Shutter lag in NEX compared to DSLR

Started Jul 25, 2012 | Discussions thread
zackiedawg
zackiedawg Forum Pro • Posts: 28,599
Re: LCD recycle time. Sensor -> LCD delay

KennethKwok wrote:

I also wonder if the
"electronic LCD display"
recycling time has anything to do with it.

That is the delay in time from
Kid action -> Sensor -> LCD-> my finger pressing the shutter.

Highly unlikely - the only time this could possibly be a factor is if photographing in very low light where the frame and refresh rate can be compromised on the LCD display (it can get that 'staggered' look as it tries to gain up). However, even then, you've got two factors - one is that even with a few millisecond delay, most people's expressions don't change in milliseconds, at least not very often...and the fact that in this type of light it's possible to still look at the subject with your free eye or eyes in real time once the camera has achieved half-press lock to fire the shutter when you see the reaction you need...so what the screen shows can be irrelevant.

The kid action -> sensor is speed of light. So that is negligible.
I wonder about time from Sensor -> LCD.

About the only time this becomes a significant, measurable handicap would be during the firing of burst shots. The signal from sensor to LCD in live feed is plenty fast enough, but the shutter tripping causes LCD blackout (and sensor blackout essentially as it outputs the capture data to the buffer or card)...and that small additional fraction of time before the LCD begins displaying the live sensor feed causes a notable delay - most electronic screen cameras attempt to solve the blackout problem during burst sequences by displaying the most recent photo taken during that blackout time (we're talking fractions of a second)...and successively displaying each frame taken right after it was taken...what's commonly referred to as the 'slideshow effect'. If a subject is staying relatively still or with relatively predictable motion, again this isn't much of a problem...but if you're firing off a burst sequence while the subject is in unpredictable motion it can become very difficult to keep that subject in the frame because you're always basing the framing on where the subject was a few milliseconds ago, rather than where they are now, and each frame that goes by, you are successively trying to 'predict' where the subject's motion and speed have taken them, without ever having the benefit of a real-time glimpse of their position.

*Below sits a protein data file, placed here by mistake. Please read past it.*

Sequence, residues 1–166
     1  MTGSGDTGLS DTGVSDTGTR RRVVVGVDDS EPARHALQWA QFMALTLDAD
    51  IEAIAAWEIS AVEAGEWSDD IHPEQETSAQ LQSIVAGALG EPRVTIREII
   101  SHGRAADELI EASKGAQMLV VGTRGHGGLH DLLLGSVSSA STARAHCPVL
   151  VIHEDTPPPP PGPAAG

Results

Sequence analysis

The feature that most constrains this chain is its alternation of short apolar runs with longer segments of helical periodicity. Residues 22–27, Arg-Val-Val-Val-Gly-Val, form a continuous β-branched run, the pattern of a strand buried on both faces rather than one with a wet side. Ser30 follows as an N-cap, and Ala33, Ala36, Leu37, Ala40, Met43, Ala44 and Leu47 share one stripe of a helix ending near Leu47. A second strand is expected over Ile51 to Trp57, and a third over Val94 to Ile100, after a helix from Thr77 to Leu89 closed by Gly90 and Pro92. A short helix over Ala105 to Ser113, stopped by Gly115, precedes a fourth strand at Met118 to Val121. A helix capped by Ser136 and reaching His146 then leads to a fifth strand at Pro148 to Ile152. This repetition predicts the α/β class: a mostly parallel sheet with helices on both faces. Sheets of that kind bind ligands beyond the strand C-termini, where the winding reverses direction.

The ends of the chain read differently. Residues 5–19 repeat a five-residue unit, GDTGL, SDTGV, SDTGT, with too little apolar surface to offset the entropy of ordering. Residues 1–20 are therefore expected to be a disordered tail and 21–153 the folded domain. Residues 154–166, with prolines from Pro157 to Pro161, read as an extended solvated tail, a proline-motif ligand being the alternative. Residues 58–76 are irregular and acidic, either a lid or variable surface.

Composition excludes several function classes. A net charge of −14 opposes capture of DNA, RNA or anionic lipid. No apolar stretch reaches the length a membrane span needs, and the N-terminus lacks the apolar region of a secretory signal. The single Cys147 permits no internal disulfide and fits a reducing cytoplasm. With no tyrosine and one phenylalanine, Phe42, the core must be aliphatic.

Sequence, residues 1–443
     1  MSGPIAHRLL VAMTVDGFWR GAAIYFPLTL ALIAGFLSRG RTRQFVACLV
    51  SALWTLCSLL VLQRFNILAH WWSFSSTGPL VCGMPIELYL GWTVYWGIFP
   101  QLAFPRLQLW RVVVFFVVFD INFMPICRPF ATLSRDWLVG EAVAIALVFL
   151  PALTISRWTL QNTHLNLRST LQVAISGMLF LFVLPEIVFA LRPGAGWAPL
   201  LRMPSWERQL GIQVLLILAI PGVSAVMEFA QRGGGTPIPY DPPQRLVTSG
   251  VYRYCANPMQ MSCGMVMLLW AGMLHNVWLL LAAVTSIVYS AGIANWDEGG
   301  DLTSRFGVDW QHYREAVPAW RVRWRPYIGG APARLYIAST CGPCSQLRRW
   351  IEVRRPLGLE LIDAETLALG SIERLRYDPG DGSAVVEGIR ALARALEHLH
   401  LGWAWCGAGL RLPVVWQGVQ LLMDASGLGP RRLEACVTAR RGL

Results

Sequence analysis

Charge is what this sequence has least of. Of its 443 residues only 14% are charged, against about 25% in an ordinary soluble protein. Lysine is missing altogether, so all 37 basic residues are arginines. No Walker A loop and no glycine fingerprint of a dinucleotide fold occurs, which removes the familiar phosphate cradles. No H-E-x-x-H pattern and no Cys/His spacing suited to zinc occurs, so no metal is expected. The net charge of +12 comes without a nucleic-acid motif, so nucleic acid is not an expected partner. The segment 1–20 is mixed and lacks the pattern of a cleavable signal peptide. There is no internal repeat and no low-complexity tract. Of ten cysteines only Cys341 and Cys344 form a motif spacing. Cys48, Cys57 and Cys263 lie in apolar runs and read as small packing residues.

It's actually why many get around the problem with this type of subject in live view or with EVFs by shooting in single-frame mode, single focus and reacquire as needed, or shorter burst sequences (2-4 bursts at a time with a short delay before the next 2-4, instead of holding down the button for 10-15 frames consecutively).

do you capture rapidly changing facial expressions well with NEX?

Or, as suggested, only the NEX-5N or NEX-7 with the better shutter?

Again, those two would probably do a bit better but almost entirely based on the fact that they have the electronic first curtain shutter, so you get a delay-free, lag-free shutter actuation (and it sounds like a single 'click'...unlike on the NEX3, 5, and C3, where it sounds more like a 'click-click').

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